Manhood as I know it is just a very simple set of rules that boys and men alike should follow. I was taught to respect my elders, respect other people, and overall be a gentleman. Today’s media has shone a negative light on masculinity, and many now associate any form of it with “toxic masculinity.” Anytime that I’ve tried to defend masculinity, my opinion have been completely ignored and I immediately get labeled a sexist; apparently having an opinion that doesn’t 100% align with liberal ideals is a one way ticket to being wiped off of any civil (though I guess not really) forum. You shouldn’t even have to worry about gender roles in most aspects of your daily life. If you spend your entire life trying to find something to be offended by, you’re going to be offended. Here’s a quick tip on living a happier life: stop trying to find disparities in gender and gender roles; just let people do whatever pleases them. Simple, isn’t it? If a woman enjoys being a homemaker or if a man enjoys being the primary breadwinner of the family, why should he or she have to stop just because it’s not progressive enough? In contrast, if a man enjoys cooking and cleaning for the family, and the woman works outside the home, what’s stopping them from doing so? For a large part of my early childhood, both my mom and dad had day jobs, and I had a nanny take care of me when they were away at work. I was too young to understand that what my mom was doing was not typical of a mother, that she still worked to help my dad provide for the family.
In contrast to my parents working together, nowadays masculinity and femininity is constantly pitted against each other, and I propose that neither femininity nor masculinity should be viewed as being polar opposites. They rather work in tandem; supporting and lifting each other up, not tearing the other down. The argument that masculinity is inherently dangerous, “toxic,” and a detriment to progress is completely false. While I won’t refute the claim that women have many societal struggles as a result of their gender, men aren’t completely bulletproof either. Young boys are growing in a very different society under very different circumstances than their fathers and grandfathers. Boys need internal examples of manhood to teach them how to be respectful, how to differentiate between right and wrong, and how to be a functioning member of society. Without a father figure, boys will “become the tortured evidence of the culture they grow up in” (Boys Will Be Men). The consequences are nothing to scoff at, evident by the increase in young boys committing mass shootings and participating in drug use.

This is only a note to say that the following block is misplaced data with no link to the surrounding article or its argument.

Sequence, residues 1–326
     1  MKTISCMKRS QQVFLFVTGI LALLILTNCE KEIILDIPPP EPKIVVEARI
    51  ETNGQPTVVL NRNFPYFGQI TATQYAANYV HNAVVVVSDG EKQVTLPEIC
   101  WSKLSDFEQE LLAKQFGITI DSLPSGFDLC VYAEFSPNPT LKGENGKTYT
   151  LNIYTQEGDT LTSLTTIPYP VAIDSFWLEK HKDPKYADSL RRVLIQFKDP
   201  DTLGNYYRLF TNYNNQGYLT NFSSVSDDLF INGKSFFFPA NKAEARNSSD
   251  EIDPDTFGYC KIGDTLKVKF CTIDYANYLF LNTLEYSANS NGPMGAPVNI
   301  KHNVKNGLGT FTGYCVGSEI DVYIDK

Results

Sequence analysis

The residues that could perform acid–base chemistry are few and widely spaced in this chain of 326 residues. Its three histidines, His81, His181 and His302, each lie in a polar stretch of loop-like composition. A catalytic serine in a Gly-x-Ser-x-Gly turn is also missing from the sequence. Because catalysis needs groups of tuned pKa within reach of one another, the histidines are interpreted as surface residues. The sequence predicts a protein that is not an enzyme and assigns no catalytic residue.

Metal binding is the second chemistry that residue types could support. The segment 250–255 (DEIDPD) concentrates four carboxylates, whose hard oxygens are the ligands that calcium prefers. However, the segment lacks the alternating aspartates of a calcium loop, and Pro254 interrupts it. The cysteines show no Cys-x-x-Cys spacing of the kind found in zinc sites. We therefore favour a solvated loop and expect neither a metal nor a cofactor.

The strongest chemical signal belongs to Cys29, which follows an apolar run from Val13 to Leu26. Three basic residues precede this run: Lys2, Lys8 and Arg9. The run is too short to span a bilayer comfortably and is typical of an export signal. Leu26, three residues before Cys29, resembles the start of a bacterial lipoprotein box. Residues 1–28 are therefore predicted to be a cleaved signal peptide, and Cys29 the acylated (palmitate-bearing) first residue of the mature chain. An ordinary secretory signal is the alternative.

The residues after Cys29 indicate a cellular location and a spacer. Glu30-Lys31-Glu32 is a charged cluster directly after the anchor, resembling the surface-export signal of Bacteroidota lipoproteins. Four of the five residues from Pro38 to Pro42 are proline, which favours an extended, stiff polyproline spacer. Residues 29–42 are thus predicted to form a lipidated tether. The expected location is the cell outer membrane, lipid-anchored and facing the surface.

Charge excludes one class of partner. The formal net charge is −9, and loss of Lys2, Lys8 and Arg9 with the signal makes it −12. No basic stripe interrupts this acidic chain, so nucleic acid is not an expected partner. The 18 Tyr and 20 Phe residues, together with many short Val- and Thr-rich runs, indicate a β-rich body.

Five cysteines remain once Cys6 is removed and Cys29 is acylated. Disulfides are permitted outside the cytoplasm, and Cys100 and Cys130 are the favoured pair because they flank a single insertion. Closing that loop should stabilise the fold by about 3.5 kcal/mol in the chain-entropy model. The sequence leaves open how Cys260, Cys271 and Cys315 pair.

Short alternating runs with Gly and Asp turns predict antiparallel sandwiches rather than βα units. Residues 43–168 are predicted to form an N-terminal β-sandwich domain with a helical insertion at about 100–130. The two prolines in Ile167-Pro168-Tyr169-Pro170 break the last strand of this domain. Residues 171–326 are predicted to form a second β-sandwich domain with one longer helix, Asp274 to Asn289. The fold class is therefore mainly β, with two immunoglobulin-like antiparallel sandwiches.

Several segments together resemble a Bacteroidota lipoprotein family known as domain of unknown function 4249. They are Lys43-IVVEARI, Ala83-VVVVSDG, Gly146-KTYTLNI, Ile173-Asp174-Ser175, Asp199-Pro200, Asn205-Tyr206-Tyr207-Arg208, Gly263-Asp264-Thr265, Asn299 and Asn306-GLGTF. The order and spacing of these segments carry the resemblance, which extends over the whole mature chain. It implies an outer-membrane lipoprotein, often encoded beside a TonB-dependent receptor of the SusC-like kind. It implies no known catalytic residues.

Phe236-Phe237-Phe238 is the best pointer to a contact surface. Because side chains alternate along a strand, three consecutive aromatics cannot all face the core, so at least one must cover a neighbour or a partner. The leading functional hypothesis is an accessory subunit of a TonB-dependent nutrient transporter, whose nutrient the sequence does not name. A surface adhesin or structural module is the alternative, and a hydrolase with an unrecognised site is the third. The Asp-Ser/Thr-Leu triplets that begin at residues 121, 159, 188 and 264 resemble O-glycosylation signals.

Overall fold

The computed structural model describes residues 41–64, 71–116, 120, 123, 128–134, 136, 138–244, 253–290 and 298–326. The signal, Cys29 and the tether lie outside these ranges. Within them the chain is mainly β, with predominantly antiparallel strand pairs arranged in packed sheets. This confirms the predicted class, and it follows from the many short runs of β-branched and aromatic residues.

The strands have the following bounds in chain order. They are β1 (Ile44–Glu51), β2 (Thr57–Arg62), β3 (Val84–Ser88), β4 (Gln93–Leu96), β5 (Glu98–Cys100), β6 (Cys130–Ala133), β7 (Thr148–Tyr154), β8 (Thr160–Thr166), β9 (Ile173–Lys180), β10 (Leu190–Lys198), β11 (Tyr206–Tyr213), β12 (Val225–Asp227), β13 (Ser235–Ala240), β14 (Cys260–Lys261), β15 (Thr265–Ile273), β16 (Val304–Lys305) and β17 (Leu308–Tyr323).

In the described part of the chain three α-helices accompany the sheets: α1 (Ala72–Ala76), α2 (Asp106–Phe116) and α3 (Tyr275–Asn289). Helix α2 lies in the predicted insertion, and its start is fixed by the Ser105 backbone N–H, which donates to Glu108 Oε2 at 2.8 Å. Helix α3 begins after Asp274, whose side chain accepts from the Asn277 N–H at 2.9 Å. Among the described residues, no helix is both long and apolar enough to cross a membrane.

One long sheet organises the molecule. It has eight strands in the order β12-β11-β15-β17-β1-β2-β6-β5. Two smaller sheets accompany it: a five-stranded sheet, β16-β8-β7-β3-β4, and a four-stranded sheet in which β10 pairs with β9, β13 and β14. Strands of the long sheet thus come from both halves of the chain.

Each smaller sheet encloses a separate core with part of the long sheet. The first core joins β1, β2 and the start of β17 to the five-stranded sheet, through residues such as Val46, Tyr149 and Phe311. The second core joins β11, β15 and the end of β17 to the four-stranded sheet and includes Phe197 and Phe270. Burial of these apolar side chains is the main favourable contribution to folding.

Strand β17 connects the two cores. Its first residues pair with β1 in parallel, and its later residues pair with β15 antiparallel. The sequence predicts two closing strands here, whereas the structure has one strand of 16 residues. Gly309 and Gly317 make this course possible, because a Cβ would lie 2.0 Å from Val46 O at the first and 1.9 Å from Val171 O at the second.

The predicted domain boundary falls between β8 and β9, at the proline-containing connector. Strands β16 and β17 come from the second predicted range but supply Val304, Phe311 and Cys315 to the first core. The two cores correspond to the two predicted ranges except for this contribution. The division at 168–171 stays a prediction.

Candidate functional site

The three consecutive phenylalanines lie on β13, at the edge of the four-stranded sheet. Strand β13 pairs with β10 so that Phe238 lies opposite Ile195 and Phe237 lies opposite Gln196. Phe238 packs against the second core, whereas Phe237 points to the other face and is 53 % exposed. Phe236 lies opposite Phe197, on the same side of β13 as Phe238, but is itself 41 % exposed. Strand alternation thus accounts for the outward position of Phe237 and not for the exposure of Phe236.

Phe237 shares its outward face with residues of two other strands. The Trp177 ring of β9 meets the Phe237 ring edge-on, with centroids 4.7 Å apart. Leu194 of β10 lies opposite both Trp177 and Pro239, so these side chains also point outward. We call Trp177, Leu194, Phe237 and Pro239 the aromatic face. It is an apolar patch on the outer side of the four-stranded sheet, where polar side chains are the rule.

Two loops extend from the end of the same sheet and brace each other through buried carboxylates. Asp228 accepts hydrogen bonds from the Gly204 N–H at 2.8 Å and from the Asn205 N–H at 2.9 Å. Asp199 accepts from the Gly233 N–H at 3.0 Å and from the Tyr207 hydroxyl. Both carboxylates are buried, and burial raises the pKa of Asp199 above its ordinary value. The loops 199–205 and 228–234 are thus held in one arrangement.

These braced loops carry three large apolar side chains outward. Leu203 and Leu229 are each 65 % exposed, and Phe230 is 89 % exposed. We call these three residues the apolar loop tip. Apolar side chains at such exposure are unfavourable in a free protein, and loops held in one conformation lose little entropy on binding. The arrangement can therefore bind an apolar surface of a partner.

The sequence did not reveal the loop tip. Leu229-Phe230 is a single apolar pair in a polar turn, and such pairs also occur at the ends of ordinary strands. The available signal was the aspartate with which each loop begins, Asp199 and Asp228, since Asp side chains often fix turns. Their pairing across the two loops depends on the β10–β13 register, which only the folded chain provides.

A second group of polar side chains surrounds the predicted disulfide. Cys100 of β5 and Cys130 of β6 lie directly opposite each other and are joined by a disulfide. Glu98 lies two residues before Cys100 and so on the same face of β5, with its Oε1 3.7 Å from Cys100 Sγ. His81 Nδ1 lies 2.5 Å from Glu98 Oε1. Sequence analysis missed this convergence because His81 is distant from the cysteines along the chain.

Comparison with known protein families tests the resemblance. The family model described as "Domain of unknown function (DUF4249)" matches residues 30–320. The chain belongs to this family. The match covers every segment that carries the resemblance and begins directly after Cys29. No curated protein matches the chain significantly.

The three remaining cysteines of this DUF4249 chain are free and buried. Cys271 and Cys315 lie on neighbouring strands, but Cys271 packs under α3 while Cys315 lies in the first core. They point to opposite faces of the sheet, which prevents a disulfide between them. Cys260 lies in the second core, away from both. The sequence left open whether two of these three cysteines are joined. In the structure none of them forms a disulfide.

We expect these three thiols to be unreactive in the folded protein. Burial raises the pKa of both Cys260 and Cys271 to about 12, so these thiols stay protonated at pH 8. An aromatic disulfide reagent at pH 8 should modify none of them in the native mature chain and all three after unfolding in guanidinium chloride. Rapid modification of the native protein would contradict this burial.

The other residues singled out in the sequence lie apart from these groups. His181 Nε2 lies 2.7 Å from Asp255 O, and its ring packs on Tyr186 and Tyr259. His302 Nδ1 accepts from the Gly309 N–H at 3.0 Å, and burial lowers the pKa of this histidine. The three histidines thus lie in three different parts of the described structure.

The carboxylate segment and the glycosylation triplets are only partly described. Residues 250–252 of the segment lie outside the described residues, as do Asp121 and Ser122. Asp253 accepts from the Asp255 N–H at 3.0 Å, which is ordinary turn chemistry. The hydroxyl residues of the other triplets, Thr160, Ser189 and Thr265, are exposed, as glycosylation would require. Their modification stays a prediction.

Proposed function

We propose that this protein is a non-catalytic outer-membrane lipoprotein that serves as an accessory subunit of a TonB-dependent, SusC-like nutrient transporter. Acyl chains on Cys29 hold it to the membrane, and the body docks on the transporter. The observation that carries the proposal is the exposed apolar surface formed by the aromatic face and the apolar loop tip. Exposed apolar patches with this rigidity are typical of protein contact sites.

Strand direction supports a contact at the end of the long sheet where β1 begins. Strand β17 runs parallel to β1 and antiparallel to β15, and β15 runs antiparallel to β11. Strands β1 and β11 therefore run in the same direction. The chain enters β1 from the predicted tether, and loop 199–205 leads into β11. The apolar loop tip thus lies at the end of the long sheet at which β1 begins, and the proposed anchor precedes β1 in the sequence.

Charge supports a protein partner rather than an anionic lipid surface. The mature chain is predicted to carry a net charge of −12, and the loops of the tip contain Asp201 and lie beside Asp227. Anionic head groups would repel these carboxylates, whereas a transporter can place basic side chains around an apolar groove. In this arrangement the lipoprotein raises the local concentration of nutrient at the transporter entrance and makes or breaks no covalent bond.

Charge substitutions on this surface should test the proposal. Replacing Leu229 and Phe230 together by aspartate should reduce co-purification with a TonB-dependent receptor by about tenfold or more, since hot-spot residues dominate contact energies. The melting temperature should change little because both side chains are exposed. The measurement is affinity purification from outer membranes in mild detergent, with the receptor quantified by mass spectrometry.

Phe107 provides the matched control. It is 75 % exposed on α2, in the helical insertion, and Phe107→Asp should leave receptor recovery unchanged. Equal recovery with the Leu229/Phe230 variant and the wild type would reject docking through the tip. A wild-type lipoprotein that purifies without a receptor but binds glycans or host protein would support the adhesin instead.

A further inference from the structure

The problems don’t stop there. Jack Myers in an interview about his book “The Future of Men” states that “only 40 percent of college degrees are going to men versus 60 percent going to women,” “stay-at-home dads … have increased from 1.1 million in 1989 to 2 million in 2012,” “the new generation of men aren't getting the kind of support that women have had,” and Kantor claims “almost nobody is living out the kind of gender script or marriage script that their parents did” (“The Future of…”). For decades people have been screaming women don’t have rights; women are oppressed; women are discriminated against; women bear the brunt of every evil in the world; yet we’ve completely forgotten about young boys and how they feel. Young boys who’ve been sexually abused and harassed are just only now “emerging from decades of silence,” and many of them are struggling or have struggled with drugs and alcohol (Abelson). While it’s true that men have been historically more privileged than women, we’re getting to a point in which both genders now “[share] the anxiety of earning money and raising a family more equally than ever before” (Kantor in “The Future of…”).
Both genders have problems, and it’s crucial that they work together in order to mutually benefit each other. As you can probably imply, I’m very open when it comes to gender roles. Feel free to abide by them or not; But the problem occurs when someone is attacked for complying with gender roles, the reason being that it isn’t empowering women to be different and stand up for themselves. That’s a load of horse crap. True female empowerment is allowing them the freedom and ability to do whatever pleases them, and this god-given right shouldn’t be impeded on by anyone, male or female.
This was an essay that I wrote for my English composition class, and I thought the topic was interesting enough to put on my site.